Influence of glucocorticoids on the osteogenic differentiation of rat bone marrow-derived mesenchymal stem cells
1 Department of Spinal and Neural Function Reconstruction, School of Rehabilitation Medicine of Capital Medical University, China Rehabilitation Research Center, No. Jiaomeibei Road Fengtai District, Beijing 100068, China
2 Department of Rehabilitation, the 3rd Affiliated Hospital of Liaoning Medical University, Jinzhou 121000, China
3 Liaoning University of Traditional Chinese Medicine, Shenyang 110032, China
BMC Musculoskeletal Disorders 2014, 15:239 doi:10.1186/1471-2474-15-239Published: 15 July 2014
Glucocorticoid has been used extensively in clinical applications, because of its several pharmacologic actions, which include immunosuppression, anti-inflammation, anti-shock, and relief of asthma. However, the long-term or high-dose application of glucocorticoid can induce adverse effects such as osteoporosis, which is known in this case as glucocorticoid-induced osteoporosis (GIOP). It is a secondary osteoporosis that results in easy fracturing, and even disability. Therefore it became a thorny issue.
The rat model of glucocorticoid-induced osteoporosis (GIOP) was replicated to isolate BMSCs. Rats were assigned into four groups: normal, normal induction, GIOP, and GIOP induction. The growth cycle was monitored by using flow cytometry. Osteogenic differentiation was compared by using alkaline phosphatase (ALP) staining with a modified calcium cobalt method. The quantitative detection of osteoprotegerin and the receptor activator of nuclear factor kappa-B ligand (RANKL) was conducted by using enzyme-linked immunoassay. Finally, renal Klotho mRNA expression was assessed by using RT-PCR.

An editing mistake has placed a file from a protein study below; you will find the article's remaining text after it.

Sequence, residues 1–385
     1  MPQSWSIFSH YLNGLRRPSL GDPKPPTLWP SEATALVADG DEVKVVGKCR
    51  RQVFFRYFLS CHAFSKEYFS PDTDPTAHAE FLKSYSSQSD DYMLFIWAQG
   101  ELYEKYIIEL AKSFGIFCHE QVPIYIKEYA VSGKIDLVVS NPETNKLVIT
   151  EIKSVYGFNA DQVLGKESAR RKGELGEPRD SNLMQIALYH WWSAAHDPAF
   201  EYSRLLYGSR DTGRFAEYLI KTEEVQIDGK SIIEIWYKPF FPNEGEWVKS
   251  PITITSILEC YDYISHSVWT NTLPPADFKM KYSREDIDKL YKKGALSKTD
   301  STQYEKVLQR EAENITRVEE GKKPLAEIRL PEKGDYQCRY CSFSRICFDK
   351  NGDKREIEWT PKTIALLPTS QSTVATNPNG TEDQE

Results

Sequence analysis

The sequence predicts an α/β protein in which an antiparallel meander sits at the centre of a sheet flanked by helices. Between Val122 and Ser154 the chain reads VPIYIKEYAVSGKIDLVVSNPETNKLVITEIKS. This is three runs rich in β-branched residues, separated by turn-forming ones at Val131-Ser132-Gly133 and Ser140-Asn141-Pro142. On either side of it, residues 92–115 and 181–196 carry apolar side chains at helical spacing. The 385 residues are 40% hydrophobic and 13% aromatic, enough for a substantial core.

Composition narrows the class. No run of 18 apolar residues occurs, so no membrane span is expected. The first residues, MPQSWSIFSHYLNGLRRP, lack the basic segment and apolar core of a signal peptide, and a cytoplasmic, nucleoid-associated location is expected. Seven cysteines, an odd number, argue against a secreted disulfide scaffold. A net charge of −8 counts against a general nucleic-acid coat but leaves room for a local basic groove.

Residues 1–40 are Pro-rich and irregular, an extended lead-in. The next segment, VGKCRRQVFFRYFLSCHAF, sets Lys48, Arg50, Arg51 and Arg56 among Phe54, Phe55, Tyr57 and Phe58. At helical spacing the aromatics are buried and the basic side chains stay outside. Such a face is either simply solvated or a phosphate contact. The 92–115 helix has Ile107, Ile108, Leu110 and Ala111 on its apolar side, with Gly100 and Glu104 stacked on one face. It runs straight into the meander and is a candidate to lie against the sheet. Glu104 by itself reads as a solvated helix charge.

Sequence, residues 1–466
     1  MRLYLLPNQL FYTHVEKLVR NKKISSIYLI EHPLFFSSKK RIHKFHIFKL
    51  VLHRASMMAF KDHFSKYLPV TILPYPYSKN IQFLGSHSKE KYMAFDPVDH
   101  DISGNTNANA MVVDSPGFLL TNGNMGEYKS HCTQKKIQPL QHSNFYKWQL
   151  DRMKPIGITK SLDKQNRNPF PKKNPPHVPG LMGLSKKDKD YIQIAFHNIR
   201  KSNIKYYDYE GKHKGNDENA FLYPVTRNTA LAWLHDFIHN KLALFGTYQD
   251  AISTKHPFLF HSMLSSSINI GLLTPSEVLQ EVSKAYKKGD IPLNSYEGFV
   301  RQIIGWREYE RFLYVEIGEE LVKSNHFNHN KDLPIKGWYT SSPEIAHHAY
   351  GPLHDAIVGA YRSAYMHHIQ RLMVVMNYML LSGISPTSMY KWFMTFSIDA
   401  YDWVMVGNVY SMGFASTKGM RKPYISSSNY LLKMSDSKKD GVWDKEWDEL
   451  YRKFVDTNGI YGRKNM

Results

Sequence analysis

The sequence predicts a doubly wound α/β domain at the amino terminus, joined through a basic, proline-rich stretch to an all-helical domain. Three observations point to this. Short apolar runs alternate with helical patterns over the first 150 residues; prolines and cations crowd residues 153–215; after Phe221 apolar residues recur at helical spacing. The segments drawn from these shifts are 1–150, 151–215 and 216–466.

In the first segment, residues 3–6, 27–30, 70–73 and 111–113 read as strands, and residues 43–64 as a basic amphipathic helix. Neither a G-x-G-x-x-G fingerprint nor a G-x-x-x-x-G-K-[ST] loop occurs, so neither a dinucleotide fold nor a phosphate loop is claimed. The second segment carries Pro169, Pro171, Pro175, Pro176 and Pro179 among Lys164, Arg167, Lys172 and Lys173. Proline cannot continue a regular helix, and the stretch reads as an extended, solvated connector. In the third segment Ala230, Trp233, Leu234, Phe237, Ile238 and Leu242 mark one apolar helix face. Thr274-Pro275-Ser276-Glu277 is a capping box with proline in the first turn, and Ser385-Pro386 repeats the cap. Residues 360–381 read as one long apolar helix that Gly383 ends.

BMSC proliferation was reduced in GIOP rats. The ALP-positive expression of normal BMSCs to the osteogenic induction solution was stronger than that of BMSCs from GIOP rats (P < 0.01). Osteoprotegerin expression was significantly higher in the normal induction group than in the normal, GIOP (P < 0.01), and GIOP induction groups (P < 0.05). RANKL expression was significantly higher in the normal induction group than in the other groups (P < 0.01) and significantly higher in the normal group than in the GIOP and GIOP induction groups (P < 0.01). RT-PCR analysis showed that renal Klotho mRNA expression was significantly reduced in the GIOP group compared with the normal group (P < 0.01).
BMSC proliferation, osteogenic differentiation, and reactive activity to an osteogenic inductor were reduced in GIOP rats. Klotho mRNA expression decreased during GIOP induction.